Close Up

22 April 2017: The Image Speaks: A Blonde in Love / Poor Cow

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Double Bill: £18 / £14 conc. / £10 Close-Up members
Individual Films: £10 / £8 conc. / £6 Close-Up members

Box Office: 02037847970

A Blonde in Love
Miloš Forman
1965 | 81 min | B/W | 35mm

With sixteen women to each man, the odds are against Andula in her desperate search for love – that is, until a rakish piano player visits her small factory town and temporarily eases her longings. A tender and humorous look at Andula’s journey, from the first pangs of romance to its inevitable disappointments, A Blonde in Love immediately became a classic of the Czech New Wave and earned Miloš Forman the first of his Academy Award nominations.

This bittersweet romance from Miloš Forman, unfolds as a sweetly seductive film but also provides a wry critique of life under totalitarianism. Forman is able to distil universal truths from the simplest of situations and present them with a sharp yet compassionate eye. A Blonde in Love remains a tender and beautifully observed story about the seemingly impossible odds of young romance and youthful aspiration under totalitarianism. Aided by Miroslav Ondríček's wonderful camerawork, and with Ivan Passer (director of Intimate Lighting) as assistant director and co-scriptwriter, the pleasures to be gained here are immense.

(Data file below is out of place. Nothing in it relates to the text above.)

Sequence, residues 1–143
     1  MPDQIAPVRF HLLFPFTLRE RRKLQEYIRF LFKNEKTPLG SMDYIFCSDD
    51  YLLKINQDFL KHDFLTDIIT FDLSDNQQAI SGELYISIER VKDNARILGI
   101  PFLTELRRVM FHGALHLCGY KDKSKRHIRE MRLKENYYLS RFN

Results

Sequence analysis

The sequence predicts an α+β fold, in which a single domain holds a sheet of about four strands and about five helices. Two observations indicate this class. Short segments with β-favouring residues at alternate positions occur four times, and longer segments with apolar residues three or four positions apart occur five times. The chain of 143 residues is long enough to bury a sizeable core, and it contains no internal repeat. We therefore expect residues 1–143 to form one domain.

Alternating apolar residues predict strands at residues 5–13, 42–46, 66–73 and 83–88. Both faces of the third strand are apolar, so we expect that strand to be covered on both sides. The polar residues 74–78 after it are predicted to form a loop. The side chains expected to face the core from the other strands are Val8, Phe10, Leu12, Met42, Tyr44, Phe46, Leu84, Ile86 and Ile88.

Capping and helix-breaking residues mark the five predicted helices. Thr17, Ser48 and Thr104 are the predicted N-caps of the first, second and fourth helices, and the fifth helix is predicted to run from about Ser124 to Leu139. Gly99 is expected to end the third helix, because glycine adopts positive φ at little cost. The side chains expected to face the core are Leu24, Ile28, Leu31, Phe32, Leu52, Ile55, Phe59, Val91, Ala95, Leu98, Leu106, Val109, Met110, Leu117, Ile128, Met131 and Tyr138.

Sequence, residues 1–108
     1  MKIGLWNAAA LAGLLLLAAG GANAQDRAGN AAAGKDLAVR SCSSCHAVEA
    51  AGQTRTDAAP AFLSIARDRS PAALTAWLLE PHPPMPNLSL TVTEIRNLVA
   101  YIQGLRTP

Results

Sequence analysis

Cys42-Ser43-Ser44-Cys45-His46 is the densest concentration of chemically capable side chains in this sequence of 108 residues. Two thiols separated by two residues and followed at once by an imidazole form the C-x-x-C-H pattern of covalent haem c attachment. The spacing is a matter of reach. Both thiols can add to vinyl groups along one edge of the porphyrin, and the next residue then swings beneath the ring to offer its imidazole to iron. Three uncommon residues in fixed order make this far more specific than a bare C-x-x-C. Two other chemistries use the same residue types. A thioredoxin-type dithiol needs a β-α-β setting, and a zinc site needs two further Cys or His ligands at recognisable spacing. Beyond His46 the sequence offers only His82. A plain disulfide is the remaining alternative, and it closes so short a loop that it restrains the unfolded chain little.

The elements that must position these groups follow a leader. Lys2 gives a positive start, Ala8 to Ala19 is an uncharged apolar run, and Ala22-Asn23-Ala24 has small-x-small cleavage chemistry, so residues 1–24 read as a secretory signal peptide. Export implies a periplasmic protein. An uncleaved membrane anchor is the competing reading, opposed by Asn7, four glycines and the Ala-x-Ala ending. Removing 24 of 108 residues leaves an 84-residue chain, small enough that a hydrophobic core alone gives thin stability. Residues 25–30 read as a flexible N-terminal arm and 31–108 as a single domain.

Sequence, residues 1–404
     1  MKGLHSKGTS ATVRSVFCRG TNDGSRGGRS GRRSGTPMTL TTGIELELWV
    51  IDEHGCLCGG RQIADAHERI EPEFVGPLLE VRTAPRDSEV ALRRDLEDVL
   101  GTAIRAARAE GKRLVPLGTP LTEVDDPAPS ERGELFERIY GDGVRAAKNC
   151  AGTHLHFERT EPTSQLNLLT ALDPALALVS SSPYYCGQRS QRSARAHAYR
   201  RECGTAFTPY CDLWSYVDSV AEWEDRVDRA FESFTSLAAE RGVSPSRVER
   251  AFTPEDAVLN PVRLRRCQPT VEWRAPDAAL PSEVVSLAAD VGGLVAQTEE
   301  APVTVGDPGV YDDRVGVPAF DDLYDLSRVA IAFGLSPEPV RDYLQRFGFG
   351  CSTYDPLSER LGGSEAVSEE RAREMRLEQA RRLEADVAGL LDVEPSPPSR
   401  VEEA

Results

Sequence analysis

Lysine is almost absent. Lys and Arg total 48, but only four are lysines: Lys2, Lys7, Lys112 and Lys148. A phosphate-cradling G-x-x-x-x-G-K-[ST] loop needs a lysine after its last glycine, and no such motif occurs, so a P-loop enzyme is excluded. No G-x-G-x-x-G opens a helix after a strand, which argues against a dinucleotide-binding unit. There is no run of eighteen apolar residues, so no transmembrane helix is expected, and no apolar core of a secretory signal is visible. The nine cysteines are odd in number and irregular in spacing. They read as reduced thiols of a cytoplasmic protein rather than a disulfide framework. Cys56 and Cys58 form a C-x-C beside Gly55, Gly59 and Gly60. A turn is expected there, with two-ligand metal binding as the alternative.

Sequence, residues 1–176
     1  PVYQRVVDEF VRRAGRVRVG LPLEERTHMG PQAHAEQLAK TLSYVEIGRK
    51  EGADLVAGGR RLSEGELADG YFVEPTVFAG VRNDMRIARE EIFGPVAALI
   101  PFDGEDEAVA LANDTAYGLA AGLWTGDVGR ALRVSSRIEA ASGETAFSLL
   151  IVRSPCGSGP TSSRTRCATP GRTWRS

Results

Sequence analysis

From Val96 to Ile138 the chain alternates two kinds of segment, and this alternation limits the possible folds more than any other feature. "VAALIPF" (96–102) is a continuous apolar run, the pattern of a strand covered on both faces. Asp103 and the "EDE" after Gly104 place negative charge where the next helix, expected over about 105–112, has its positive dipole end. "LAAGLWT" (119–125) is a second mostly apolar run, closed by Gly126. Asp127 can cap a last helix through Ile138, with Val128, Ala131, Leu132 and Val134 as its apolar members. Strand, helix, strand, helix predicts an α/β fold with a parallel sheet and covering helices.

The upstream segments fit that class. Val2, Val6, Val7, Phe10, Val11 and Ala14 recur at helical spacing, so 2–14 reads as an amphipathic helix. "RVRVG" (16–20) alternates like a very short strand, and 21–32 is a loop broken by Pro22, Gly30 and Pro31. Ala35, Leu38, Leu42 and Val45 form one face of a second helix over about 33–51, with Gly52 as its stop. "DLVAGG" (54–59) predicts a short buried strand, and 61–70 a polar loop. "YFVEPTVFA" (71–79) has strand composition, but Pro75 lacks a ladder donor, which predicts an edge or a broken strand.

Poor Cow
Ken Loach
1967 | 102 min | Colour | DCP

This snapshot of '60s London stars Carol White as young mother Joy. Beautiful, free-spirited and resilient, Joy is nevertheless struggling to cope while her brutal, uncaring husband (John Bindon) is in jail. Clutching at any slight chance of happiness, she falls for his associate, Dave (Terence Stamp) - but with heart-breaking results. Loach depicts Joy's world with typical care, showing how her plight derives from a set of social circumstances largely outside her control. Full of '60s colour and music - including the music of Donovan - it's also stylistically innovative, with an improvised spontaneity and Joy providing first-person narration over the soundtrack. It all serves to create a slightly distanced, ironic tone - offset by the film's tender compassion for, and thoughtful involvement in, its subject.


Part of our season on Milos Forman and the British Free Cinema movement, in collaboration with Czech Centre London: www.czechcentre.org.uk